As an IT & Digital Leadership Practice, we have a deep and specialist focus upon the needs and ambitions of talent within the nationwide CIO network. As a part of our most recent Midlands IT & Digital Leaders dinner we took a pulse reading from a cross-industry selection of leaders on a number of topical issues. Matt Cockbill, Head of our IT & Digital Leadership practice shares our findings:
- The toughest hires are leadership roles within cyber & infosec and business engagement leaders. This is in sharp contrast to our 2018 survey, which placed strategy & architecture as the most challenging of hires. Here, CIOs are investing more heavily in ‘growing their own’ due to market price pressure, and scarcity of ‘good value’ talent.
- 75% of leaders are concerned about levels of succession talent within their organisation, which is up 17% from last year. However, we also saw a 50% increase in those who have clear and established succession plans in place across their teams.
- Diversity & inclusivity remains high on the agenda for CIOs in the Midlands region. 50% reported that they have been successful in delivering greater gender balance in delivery and leadership teams, as well as achieving greater overall inclusivity.
- Looking to the year ahead, we saw an increase of 8%, up to 50%, of CIOs seeking to develop capabilities beyond traditional borders such as AI, ML and advanced analytics as their prime objective. Automation and greater cloud adoption were close behind.
- The often-thorny topic of a CIO’s reporting line showed an increase of a hard line to the CEO up to 50% from 42%.
- Looking back in order to look forwards, we asked our guests: ‘If you could reset your career, what would you retrain to be?’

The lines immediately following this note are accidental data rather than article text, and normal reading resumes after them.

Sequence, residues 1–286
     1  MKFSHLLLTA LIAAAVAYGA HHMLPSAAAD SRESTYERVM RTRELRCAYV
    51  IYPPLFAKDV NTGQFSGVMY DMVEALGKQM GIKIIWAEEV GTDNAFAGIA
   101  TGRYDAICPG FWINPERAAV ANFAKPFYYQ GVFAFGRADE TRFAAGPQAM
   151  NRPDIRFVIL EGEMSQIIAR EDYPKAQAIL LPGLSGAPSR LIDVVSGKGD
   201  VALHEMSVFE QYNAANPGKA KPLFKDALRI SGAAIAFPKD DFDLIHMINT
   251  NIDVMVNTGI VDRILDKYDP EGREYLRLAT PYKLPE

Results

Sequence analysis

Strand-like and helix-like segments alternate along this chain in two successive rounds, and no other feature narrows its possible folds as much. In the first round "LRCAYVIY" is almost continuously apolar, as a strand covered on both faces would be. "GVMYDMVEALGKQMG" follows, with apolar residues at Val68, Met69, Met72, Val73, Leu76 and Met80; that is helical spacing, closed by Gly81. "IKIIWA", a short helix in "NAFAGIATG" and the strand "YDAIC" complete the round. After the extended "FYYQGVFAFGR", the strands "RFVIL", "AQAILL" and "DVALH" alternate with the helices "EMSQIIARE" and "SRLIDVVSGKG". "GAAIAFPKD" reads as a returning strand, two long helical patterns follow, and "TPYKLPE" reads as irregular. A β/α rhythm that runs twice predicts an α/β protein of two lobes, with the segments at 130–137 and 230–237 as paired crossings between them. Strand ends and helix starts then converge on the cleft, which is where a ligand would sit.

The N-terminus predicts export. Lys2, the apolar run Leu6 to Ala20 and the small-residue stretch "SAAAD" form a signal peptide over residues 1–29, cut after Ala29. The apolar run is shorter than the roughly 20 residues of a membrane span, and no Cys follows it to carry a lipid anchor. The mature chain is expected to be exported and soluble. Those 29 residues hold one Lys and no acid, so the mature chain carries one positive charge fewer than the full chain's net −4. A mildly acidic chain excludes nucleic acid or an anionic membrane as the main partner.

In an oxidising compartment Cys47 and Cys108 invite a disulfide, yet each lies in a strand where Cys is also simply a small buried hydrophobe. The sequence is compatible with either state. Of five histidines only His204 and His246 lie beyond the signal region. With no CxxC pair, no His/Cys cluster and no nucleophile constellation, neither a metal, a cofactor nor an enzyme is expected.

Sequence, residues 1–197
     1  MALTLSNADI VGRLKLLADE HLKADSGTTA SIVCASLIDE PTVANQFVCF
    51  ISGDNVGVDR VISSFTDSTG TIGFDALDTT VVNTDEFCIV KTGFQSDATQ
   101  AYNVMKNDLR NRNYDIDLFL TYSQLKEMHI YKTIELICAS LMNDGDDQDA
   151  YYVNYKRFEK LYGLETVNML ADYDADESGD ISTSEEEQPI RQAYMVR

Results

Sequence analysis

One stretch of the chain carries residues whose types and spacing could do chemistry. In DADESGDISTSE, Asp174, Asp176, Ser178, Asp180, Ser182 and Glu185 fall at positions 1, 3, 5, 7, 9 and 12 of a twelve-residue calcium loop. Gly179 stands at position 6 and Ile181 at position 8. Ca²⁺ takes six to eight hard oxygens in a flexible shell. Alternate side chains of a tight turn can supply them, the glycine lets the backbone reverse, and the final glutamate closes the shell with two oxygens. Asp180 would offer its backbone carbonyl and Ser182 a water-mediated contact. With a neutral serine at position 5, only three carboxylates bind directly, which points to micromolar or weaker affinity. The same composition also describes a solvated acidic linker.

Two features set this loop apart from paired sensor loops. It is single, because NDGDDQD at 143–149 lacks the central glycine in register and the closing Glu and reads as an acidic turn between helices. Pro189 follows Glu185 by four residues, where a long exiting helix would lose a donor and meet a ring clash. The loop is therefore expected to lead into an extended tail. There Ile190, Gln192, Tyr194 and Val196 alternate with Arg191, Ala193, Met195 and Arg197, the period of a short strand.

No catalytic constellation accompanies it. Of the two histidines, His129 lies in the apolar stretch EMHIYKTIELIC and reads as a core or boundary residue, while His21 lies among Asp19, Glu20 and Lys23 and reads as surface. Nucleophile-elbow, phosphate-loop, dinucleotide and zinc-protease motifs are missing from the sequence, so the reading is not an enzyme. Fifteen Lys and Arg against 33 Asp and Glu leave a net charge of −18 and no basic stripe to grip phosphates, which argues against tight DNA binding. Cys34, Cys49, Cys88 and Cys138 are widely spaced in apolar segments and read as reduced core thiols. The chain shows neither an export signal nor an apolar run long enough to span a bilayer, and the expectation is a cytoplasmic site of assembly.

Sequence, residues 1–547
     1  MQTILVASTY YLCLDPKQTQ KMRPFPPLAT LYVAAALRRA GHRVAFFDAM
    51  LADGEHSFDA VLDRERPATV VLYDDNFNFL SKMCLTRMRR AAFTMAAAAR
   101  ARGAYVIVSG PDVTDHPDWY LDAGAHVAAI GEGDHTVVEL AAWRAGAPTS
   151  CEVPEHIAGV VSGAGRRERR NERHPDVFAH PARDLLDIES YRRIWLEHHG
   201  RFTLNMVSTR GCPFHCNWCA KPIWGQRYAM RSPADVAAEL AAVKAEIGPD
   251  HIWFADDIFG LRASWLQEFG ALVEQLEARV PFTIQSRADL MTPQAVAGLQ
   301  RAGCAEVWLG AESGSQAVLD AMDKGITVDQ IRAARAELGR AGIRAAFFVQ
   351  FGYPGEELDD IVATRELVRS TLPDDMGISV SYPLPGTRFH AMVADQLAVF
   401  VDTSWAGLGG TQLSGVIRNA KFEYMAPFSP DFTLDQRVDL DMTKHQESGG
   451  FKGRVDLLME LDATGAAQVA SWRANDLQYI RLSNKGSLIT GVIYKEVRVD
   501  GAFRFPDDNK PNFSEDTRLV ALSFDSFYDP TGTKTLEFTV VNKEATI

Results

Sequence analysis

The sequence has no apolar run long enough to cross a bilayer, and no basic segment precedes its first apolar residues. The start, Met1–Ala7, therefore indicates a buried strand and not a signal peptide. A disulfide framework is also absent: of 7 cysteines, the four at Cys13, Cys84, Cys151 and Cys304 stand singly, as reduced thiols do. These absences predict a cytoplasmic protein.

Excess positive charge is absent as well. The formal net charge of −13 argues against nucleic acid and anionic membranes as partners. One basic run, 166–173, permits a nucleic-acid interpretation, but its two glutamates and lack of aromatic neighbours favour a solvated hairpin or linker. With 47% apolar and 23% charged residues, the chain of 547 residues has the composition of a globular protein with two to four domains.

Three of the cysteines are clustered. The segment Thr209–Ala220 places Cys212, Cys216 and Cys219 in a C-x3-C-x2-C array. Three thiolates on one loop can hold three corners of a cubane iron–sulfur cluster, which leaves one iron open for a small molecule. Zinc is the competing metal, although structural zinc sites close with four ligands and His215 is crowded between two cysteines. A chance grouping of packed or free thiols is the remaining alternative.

In 2018 AI & analytics were riding high, with cyber security surging forward by more than 50% as the hot spot – with most citing exceptionally high contract rates as a cheeky incentive!
CIOs are hard-wired to push organisational change through delivering an enhanced digital workplace, as well as initiating and enabling the delivery of new digital products and services. To learn more, we sought CIOs views on the hot topic of ‘organisational purpose’.
75% of CIOs felt that they had an exceptionally clear understanding of the organisation’s defining purpose, but in stark contrast the remining 25% felt they had only a partial understanding. When hiring, it was culture and purpose that were influential in the minds of those people they brought into their organisation, with reputation following some way behind. Technology didn’t feature at all.
CIOs clearly are continuing to evolve and adapt and expect the same from their teams. Their contribution as an enterprise decision maker with a manifest impact upon customer success has never been clearer. With a mission that could be described as ‘Change, Innovate, Operate’, it is effective leadership above all else that secures their success, never more so than in volatile times such as these. As we begin the countdown to Christmas and the New Year I’m already curious to know what 2020 may have in store for us!